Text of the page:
Filmmaker Adam Curtis newest documentary called HyperNormalisation, makes the argument that “Self-Expression Is Tearing Society Apart”, as he explains in an Artspace interview by Loney Abrams.
L.A.: Towards the beginning of HyperNormalisation you talk about a shift that happened in the ‘70s when artists detached from reality and retreated into themselves to mine content for their work. Your argument is that this kind of individualistic self-expression is antithetical to political change. How so?
“Individualism is the really big thing of our time, and both left and right have been affected by it. It’s this idea that had been growing since the counterculture of the 1960s that really came to fruition in the 1970s—the idea being that what you as an individual feel and desire are the most important things, and that if you followed anyone who told you what to do you were inauthentic. People don’t believe they should give themselves up to the church or trade unions any longer. They want to be themselves.
It was a wonderful shift because it did stop us from needing to be told what to do by elites and old hierarchies. It freed us of that and that’s really great—we are, to a great extent, free individuals. The problem with individualism is that, whilst it is liberating and exciting and beautiful, when things get difficult you are very weak. If you go into the woods at night, by yourself, it’s frightening, isn’t it? You get scared by the slightest noise, the slightest snap of a twig. If you go into the woods with your friends in a group, it’s incredibly exciting and thrilling because you somehow feel stronger. It’s as simple as that. That’s one point.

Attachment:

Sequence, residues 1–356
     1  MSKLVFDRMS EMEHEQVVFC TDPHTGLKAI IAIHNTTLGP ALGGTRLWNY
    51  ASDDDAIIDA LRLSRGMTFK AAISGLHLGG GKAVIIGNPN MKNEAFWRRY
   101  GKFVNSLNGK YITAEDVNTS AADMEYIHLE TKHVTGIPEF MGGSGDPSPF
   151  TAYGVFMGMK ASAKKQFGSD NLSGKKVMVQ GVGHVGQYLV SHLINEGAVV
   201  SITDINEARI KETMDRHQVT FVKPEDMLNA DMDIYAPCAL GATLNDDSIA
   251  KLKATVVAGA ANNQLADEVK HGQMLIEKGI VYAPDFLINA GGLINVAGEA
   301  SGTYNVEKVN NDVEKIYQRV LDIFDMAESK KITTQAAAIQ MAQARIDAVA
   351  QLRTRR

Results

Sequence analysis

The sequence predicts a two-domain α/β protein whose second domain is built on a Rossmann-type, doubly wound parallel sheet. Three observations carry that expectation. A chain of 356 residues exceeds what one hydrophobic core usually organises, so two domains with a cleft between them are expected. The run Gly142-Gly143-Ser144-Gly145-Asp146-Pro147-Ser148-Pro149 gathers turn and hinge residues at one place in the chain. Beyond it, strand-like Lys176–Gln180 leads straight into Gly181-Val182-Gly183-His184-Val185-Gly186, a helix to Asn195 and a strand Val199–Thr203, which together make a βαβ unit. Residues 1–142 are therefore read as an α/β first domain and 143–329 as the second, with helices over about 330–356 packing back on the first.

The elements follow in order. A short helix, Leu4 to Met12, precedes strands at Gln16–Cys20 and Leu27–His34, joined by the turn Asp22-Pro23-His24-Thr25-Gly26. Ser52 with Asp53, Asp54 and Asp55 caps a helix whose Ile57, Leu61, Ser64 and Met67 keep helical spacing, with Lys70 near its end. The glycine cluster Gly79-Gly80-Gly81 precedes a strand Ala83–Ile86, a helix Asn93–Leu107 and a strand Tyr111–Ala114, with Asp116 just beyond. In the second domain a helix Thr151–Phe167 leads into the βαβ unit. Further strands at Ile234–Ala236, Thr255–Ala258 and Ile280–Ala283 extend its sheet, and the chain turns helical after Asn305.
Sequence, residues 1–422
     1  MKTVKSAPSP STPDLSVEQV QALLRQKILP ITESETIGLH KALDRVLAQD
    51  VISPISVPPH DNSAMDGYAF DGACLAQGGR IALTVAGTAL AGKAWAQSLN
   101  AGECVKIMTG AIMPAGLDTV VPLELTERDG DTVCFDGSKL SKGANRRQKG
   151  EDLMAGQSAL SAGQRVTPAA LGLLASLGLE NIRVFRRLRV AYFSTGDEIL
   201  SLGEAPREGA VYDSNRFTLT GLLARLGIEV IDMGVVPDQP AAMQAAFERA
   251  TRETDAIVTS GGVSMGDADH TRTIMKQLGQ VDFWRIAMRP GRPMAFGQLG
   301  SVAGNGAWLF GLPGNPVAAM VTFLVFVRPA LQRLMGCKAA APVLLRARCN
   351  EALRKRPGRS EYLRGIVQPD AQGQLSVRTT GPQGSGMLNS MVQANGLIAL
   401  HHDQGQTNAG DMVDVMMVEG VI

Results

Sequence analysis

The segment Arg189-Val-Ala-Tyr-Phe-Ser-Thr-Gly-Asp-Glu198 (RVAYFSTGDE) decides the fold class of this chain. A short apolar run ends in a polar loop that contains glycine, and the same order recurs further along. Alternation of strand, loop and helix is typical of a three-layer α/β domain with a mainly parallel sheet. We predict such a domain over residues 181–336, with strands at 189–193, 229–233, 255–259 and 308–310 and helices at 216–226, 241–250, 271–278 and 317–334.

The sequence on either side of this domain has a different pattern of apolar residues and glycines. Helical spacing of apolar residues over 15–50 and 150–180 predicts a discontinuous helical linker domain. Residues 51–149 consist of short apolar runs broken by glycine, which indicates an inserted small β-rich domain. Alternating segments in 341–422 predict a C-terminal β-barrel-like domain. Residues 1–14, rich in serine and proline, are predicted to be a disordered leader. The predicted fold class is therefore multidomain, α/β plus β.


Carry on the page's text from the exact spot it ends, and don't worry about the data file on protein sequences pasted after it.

The other part of that shift in the early 1970s was that more and more people looked to art as a way of expressing their radicalism in an individual way. Patti Smith’s memoir Just Kids makes this very clear. People like her and Robert Mapplethorpe didn’t want to be just a part of radical groups, they wanted to be individuals challenging the system. While that may have dropped away with Mapplethorpe, it remained central to Smith’s belief. But what I was trying to say in the film was that the very idea of self-expression might not have had the radical potential they thought.
What rescued the U.S. economy from the economic crisis of the 1970s was a massive wave of consumer capitalism. And behind it were the forces of finance, because they offered credit to millions of people for the first time. In another series I made called The Century of the Self, I tried to show how the other essential component in that wave of consumerism was the idea of self-expression. People were encouraged to buy all kinds of stuff, not to be like each other as they had in the past, but instead to express themselves as individuals. In this way the very idea of self-expression became central to the modern structure of power.
We look back at past ages and see how things people deeply believed in at the time were actually a rigid conformity that prevented them from seeing important changes that were happening elsewhere. And I sometimes wonder whether the very idea of self-expression might be the rigid conformity of our age. It might be preventing us from seeing really radical and different ideas that are sitting out on the margins—different ideas about what real freedom is, that have little to do with our present day fetishization of the self. The problem with today’s art is that far from revealing those new ideas to us, it may be actually stopping us from seeing them.
This might be quite a difficult one to get over, but I think this is really important: however radical your message is as an artist, you are doing it through self-expression—the central dominant ideology of modern capitalism. And by doing that, you’re actually far from questioning the monster and pulling the monster down. You’re feeding the monster. Because the more people come to believe that self-expression is the end of everything, is the ultimate goal, the more the modern system of power becomes stronger, not weaker.”